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Thailand: Economic growth picks up steam in Q4 2018

Staff Writer |
The Thai economy shifted into a higher gear in the fourth quarter of last year.

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Economic growth accelerated 3.7%, up from a slightly downwardly revised 3.2% expansion in the third quarter (previously reported: +3.3% year-on-year) and surpassing market expectations.

Moreover, the economy expanded 0.8% in Q4 over the previous quarter in seasonally-adjusted terms, rebounding from a 0.3% contraction in Q3.

The reading was mainly powered by the domestic economy, as the external sector continued to drag on growth.

On an annual basis, domestic demand firmed up on stronger private consumption and fixed investment growth and larger inventories.

Private consumption grew 5.3% in the fourth quarter, up slightly from the 5.2% expansion in the previous quarter, supported by a weak inflationary environment and robust growth in personal loans by commercial banks.

Moreover, a recovery in agricultural prices, increasing employment and dropping unemployment all buttressed income growth in both the agricultural and non-agriculture sectors.

In addition to solid growth in non-durables and semi-durables expenditure, consumers also continued spending money on durable goods such as automobiles at a robust pace.

Fixed investment grew 4.2% over the same period a year ago in Q4, up from the 3.9% increase recorded in the previous quarter.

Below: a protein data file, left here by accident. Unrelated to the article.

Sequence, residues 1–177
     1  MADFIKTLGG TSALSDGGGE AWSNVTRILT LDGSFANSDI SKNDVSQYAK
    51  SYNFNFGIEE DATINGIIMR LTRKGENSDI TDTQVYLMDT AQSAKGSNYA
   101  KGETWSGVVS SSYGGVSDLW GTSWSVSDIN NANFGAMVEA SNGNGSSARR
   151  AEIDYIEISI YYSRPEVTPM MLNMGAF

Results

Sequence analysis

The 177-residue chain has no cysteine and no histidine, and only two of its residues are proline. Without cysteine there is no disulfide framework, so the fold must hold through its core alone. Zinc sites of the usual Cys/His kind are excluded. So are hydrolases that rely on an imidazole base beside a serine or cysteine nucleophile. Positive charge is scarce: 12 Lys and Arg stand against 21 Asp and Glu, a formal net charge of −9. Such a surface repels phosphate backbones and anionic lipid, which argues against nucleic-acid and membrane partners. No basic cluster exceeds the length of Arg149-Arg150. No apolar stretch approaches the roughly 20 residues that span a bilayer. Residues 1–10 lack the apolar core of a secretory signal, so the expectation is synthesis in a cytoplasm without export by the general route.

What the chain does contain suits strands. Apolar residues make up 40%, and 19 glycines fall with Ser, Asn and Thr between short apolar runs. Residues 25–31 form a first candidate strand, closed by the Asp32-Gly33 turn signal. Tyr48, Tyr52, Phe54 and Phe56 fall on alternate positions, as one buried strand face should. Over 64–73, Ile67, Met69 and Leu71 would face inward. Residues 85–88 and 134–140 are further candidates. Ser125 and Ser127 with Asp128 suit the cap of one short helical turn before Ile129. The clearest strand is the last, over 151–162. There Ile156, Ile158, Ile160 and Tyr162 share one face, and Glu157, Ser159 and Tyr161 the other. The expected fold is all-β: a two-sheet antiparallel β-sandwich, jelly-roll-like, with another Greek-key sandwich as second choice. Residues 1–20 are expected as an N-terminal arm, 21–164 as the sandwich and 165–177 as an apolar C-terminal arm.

The acceleration in fixed investment growth came solely on the tails of private investment, as public investment contracted.

While private construction growth remained robust on residential buildings investment, private-sector investment expenditure on machinery and equipment picked up pace.

In contrast, government consumption growth slowed from 1.9% to 1.4% in the same period, on the heels of a marked drop in social transfers.

On the external front, exports of goods and services rebounded from a 0.9% contraction in the third quarter to a 0.6% increase in the final quarter.

This was singlehandedly due to a recovery in merchandise exports, as services exports fell for the second consecutive quarter.

Merchandise exports were carried by manufacturing goods and agro-industrial products exports; however, some industrial goods and computer-related exports fell due to the impacts of the trade war between the U.S. and China on demand and the supply chain.

Growth in goods and services moderated to 5.6% in the fourth quarter, down from a strong 11.0% increase in the previous quarter.

This was mainly due to a strong drop in gold imports.

Nonetheless, net exports continued to drag on the economy, albeit at a softer pace than in the third quarter.

In 2018 as a whole, the economy expanded 4.1% over the prior year (2017: +4.0% yoy) and, looking ahead, the economy is expected to continue growing at a robust pace this year.

However, with risks to the outlook tilted to the downside, the pace of expansion is expected to ease.

Of chief importace are ongoing global trade tensions, especially between the U.S. and China which could intensify again after the current truce ends in early March.

In addition, Thailand is scheduled to hold elections on 24 March after countless postponements; this has elevated political risk at home, which could dent consumer and business sentiment as well as investment activity.

Despite potential clouds on the horizon, the FocusEconomics Consensus Forecast panel expects the economy to grow 3.7% in 2019, which is unchanged from last month’s estimate.

For 2020, the panel foresees the economy expanding 3.5%.


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